It’s a little unfair to compare this halfbreed mutant to one of the most impressive miniatures in GW’s current range that came out just last year, but there is a point to this comparison. Heroquest later morphed into Warhammer Quest when MB decided they didn’t want any part of the franchise anymore and Warhammer Quest was a billion times better both in terms of playability, enjoyment and miniatures. With Games Workshop’s new Specialist Games devision, we’re going to see a lot of new versions of old models (hopefully) and while they obviously won’t need to do a new Bloodthirster, you can imagine how good those new miniatures are going to look. From Bloodbowl teams to Necromunda gangs, with no need to compromise, we should see some real improvement.
And, just as with the old model, I don’t need to spend much time talking about how good the new one looks because it’s immense. It’s like comparing a stone wheel to a Ferrari.
Ok, I’m just putting this one in here because the image of the Eldar Dreadnoughts makes me giggle. They look so sad. Like, genuinely upset that they exist. ‘Master, why have you created me to suffer such agony? Also, I look ridiculous!’ I imagine them saying. I don’t mean to be disparaging of the model or its creator (I’m going to guess Jes Goodwin given his longstanding connection to the Eldar and we all know how good he is at creating miniatures). This is simply what happens when you try to create something that is the epitome of grace in a metal that is the epitome of being a lump.
The newer model is beautiful, and an incredible kit to work with that is full of options and posable like you wouldn’t believe. I’ve seen some incredible things done with this kit and it really shows off the huge advantages that come from working with plastics rather than metals, and modern casting techniques. Plastic allowed the Eldar to have tall, elegant and powerful wraith constructs that have lead to us now having Wraithknights and even the resin-caste Eldar Titans from Forge World. Thank the Emperor they persevered with plastic, or we’d still have those Eldar Dreadnoughts derping around, looking troubled and wrong.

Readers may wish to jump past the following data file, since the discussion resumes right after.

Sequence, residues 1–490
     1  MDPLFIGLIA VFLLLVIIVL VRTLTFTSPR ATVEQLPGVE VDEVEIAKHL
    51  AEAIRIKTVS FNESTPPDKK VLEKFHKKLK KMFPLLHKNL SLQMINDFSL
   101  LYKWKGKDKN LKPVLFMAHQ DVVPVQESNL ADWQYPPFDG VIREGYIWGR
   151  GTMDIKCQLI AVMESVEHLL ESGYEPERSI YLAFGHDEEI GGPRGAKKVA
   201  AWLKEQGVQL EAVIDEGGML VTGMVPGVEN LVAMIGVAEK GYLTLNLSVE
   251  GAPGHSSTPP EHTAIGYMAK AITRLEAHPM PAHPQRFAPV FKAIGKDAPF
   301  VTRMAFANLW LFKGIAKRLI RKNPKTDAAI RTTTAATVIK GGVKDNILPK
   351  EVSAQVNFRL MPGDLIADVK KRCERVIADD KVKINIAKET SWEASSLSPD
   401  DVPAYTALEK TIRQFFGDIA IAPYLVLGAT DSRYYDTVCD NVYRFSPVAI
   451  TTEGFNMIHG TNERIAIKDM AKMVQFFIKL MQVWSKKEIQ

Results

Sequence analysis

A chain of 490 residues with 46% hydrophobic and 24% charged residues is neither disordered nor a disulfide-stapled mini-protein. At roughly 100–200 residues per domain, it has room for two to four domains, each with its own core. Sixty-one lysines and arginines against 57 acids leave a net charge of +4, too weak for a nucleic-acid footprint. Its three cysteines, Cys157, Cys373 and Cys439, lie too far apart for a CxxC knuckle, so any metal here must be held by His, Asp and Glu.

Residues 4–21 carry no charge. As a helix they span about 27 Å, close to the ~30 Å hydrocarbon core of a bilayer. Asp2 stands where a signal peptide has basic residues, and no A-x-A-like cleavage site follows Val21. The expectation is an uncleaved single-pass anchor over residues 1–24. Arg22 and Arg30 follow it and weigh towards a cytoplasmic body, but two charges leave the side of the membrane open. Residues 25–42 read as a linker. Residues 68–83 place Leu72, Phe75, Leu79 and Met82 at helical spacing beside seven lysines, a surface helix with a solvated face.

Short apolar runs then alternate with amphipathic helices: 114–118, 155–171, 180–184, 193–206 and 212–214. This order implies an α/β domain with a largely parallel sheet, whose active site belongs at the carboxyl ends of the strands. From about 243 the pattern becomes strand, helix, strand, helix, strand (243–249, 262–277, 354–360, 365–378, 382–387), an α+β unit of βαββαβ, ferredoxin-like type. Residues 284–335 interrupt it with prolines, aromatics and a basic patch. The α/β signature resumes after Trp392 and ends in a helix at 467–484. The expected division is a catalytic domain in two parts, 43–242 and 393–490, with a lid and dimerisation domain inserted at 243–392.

So, there you have it. Progress has been made, and is continuing to be made. Both in terms of the artistic skills and abilities of those making these models, and also in the technology being used in the process of their creation. Of course those of us in the hobby who are rich enough in years to recall those really old miniatures have soft spots for them, and every now and again we like to revisit them, but we know that the newer ones are better. True, a little character has perhaps been lost as things become more uniform, but that’s a small price to pay for the sheer quality of miniatures that are being produced in this golden age. And if this trend of improvement continues, imagine what we’ll be seeing in 20 years! Our miniatures will probably be able to walk by themselves and answer back!! What I’m trying to say here, as much to myself as anyone else, is that it’s fine to enjoy the old ones, but the new ones really are so, so much better.